Perhaps if a few more readers were interested in history, this week's featured author would see a well-deserved jump in his book sales. Simon Levack may have trained as a solicitor (that's "lawyer" to us Americans), but he's written an excellent historical mystery series set in sixteenth-century Mexico when Montezuma is the ruler of the Aztec Empire... and the conquistadors have landed on the coast. This is the perfect setting for the wily slave, Yaotl, to teach us about the world in which he lives while he's solving his latest crime. Levack's books are a skillful blend of setting, culture, characterization, humor and complex plotting-- and I recommend them highly!
I really hope that you take the time to visit Simon's website. I enjoyed reading about what inspired him to write his books, what it's like writing about the Aztecs, and how to pronounce Aztec names. He does an incredible job in bringing the Aztecs and their culture to life!
Time for the interview!
What was the very first book you remember reading and loving? What makes that book so special?
Biggles Flies North by Captain W.E. Johns. I was given it as a Christmas present at the age of, I should think, around seven. It would seem terribly dated now but I loved the bleak setting and the straight-from-the-shoulder heroics. It gave me a taste for adventure stories set in exotic and unfamiliar environments which I've never really lost although these days I like a bit more moral ambiguity about my characters.
Outside of your writing and all associated commitments, what do you like to do in your free time?
I play the piano rather badly. I only took it up seriously three or four years ago and it has been a steep learning curve, but I love music and it relaxes me and gives me a sense of achievement at the same time.
If I were to visit your hometown, where would you recommend that I go? (I like seeing and doing things that aren't in all the guide books.)
|Sittingbourne in the 1930s|
There's nothing much to recommend about my hometown, which is a nondescript place called Sittingbourne. Chaucer's pilgrims may have passed through here but that was a very long time ago! I'd recommend you skip the town itself and tour the villages and countryside around it.
You have total control over casting a movie based on your life. Which actor would you cast as you?
Who is your favorite recurring character in crime fiction?
Philip Marlowe. Not for the wisecracks so much as for his ability to see the world as it really is.
Name one book that you've read that you wish you had written. What is it about that book that made it come to mind?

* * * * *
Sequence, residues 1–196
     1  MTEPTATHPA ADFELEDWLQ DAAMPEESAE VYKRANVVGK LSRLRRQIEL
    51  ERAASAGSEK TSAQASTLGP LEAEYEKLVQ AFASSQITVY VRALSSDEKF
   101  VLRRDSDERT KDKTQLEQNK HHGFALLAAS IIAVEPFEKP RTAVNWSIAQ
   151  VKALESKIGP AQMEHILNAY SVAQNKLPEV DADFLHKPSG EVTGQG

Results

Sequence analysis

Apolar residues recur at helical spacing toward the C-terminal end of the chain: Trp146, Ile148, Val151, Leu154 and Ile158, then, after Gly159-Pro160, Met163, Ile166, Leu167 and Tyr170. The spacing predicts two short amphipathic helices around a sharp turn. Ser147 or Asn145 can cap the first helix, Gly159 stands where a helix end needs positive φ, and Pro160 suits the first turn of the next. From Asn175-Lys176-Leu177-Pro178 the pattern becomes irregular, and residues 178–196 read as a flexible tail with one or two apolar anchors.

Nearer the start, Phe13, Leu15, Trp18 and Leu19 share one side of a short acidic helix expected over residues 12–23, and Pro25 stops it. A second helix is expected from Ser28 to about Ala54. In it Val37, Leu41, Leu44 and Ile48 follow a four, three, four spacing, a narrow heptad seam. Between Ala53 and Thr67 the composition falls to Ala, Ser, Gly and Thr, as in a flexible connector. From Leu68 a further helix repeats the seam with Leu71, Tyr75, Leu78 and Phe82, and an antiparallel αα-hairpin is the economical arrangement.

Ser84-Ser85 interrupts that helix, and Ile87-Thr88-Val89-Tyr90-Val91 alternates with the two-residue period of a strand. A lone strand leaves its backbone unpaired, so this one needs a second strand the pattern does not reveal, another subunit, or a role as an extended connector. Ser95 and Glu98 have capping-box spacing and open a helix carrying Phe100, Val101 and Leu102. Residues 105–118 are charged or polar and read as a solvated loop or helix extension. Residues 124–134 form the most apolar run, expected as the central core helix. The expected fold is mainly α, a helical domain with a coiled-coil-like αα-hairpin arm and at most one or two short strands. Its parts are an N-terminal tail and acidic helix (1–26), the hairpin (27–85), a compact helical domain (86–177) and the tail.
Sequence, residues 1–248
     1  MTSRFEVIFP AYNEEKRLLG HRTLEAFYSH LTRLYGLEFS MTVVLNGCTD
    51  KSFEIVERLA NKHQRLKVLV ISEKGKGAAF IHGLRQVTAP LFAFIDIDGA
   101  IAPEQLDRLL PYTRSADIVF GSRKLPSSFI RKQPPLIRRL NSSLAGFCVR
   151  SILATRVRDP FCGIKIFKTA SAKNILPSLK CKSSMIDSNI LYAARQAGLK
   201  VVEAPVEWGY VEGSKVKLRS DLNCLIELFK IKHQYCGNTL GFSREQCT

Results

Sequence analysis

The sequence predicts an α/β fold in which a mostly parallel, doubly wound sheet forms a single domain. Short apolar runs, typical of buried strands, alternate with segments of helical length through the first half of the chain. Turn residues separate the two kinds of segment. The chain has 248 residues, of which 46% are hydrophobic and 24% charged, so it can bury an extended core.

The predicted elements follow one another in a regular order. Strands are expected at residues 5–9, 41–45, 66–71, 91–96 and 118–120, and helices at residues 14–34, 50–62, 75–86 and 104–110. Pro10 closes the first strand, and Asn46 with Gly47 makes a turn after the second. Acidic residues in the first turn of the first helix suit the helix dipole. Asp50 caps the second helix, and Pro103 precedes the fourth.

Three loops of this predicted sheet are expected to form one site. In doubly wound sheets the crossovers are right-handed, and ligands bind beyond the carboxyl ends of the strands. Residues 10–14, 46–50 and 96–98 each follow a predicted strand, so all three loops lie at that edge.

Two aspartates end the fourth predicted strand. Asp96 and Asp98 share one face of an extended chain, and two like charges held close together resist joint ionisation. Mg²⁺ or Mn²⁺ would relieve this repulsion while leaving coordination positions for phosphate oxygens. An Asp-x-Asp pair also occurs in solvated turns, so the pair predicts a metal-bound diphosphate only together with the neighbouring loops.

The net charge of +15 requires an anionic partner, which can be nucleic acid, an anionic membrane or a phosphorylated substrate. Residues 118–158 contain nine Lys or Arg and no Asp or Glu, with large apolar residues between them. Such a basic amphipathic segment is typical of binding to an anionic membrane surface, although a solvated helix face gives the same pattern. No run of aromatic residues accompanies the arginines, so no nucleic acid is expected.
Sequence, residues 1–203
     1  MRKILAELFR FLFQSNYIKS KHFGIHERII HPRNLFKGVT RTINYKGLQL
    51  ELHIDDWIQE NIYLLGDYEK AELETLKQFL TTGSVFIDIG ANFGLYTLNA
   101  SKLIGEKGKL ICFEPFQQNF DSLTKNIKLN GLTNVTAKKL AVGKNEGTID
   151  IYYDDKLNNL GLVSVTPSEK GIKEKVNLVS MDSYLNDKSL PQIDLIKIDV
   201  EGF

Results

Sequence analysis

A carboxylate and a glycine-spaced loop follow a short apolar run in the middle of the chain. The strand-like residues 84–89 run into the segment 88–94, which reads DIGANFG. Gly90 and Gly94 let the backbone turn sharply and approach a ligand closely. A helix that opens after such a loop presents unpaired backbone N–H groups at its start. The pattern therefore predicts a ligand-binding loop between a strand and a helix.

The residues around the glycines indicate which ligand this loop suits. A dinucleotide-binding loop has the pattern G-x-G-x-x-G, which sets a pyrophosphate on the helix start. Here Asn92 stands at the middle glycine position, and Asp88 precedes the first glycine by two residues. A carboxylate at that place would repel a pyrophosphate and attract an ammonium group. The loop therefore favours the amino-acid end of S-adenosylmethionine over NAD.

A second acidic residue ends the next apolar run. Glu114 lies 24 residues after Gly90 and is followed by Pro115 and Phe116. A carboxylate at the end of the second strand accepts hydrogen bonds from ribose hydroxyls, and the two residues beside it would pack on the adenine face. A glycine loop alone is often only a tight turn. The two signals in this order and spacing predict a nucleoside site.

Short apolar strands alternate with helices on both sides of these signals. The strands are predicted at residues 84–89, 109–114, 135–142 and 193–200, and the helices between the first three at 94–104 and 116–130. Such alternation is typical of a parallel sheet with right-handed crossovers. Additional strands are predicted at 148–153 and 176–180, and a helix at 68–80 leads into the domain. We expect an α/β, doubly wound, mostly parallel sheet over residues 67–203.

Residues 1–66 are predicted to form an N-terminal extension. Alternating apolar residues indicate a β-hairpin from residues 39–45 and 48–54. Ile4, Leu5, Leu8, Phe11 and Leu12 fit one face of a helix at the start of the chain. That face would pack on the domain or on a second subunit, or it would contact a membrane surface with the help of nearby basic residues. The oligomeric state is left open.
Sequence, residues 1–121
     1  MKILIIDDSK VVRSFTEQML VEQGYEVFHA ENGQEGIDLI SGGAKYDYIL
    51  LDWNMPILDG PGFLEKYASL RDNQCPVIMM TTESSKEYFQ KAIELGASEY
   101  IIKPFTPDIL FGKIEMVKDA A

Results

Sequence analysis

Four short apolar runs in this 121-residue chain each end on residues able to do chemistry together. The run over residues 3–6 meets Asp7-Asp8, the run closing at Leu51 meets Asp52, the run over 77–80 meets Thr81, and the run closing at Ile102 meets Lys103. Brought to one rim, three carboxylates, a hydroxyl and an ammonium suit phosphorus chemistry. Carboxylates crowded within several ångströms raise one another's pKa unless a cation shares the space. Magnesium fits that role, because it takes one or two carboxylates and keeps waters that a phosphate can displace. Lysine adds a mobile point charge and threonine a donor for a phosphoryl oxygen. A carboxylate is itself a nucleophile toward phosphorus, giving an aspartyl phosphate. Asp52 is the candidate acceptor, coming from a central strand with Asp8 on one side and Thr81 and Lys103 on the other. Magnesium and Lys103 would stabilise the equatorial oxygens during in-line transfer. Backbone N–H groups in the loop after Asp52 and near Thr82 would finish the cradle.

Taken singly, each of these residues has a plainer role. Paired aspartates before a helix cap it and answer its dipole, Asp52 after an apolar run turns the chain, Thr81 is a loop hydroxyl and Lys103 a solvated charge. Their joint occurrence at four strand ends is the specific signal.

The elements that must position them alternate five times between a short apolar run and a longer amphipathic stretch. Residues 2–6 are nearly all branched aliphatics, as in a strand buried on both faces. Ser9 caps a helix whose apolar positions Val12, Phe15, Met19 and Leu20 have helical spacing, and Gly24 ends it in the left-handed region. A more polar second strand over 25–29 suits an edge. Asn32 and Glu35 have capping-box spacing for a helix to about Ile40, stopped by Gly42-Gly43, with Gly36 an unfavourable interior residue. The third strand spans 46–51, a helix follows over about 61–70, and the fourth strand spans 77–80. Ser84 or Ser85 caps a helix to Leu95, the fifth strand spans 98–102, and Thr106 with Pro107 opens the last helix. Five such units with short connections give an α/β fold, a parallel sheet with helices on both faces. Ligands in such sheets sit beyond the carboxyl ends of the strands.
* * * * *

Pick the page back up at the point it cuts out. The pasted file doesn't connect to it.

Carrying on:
It probably wouldn't be a detective story. The book that comes to mind right now is Mortal Engines by Philip Reeve - or any of the other Hungry Cities books. I wish I had half his ability to make an imagined world believable, and the moral courage to put his characters through the ringer the way he does.
How did you celebrate when you first heard you were to be published? What did you do the first time you saw one of your books on a shelf in a bookstore?
I took my wife out to dinner, twice. Oddly I can't remember the first time I saw one of my books in a bookstore but I probably offered to sign it.
I don't know if you've seen it, but I love Parnell Hall's video about book signings. What is the most unusual experience you've had at a book signing or author event?
The oddest experience I've had at an author event, and certainly the most uncomfortable, was finding myself on a panel moderated by someone who clearly didn't like my books and took great care to make sure everyone in the audience knew it. I'm afraid it rather put me off doing that sort of event again.
What's the best thing about eBooks? What's the worst?
The best thing is their portability. I can carry a thousand or more books around on my Kindle and slip it in my coat pocket. The worst thing is that many ebooks are appallingly badly formatted, but that will change as ebooks take over from print as the predominant medium - as I don't doubt they will.
Thank you for letting us get to know you a bit better, Simon. May your book sales do nothing but increase!
I hope everyone stops by tomorrow to read my review of the third book in Simon Levack's Aztec Mysteries series, City of Spies!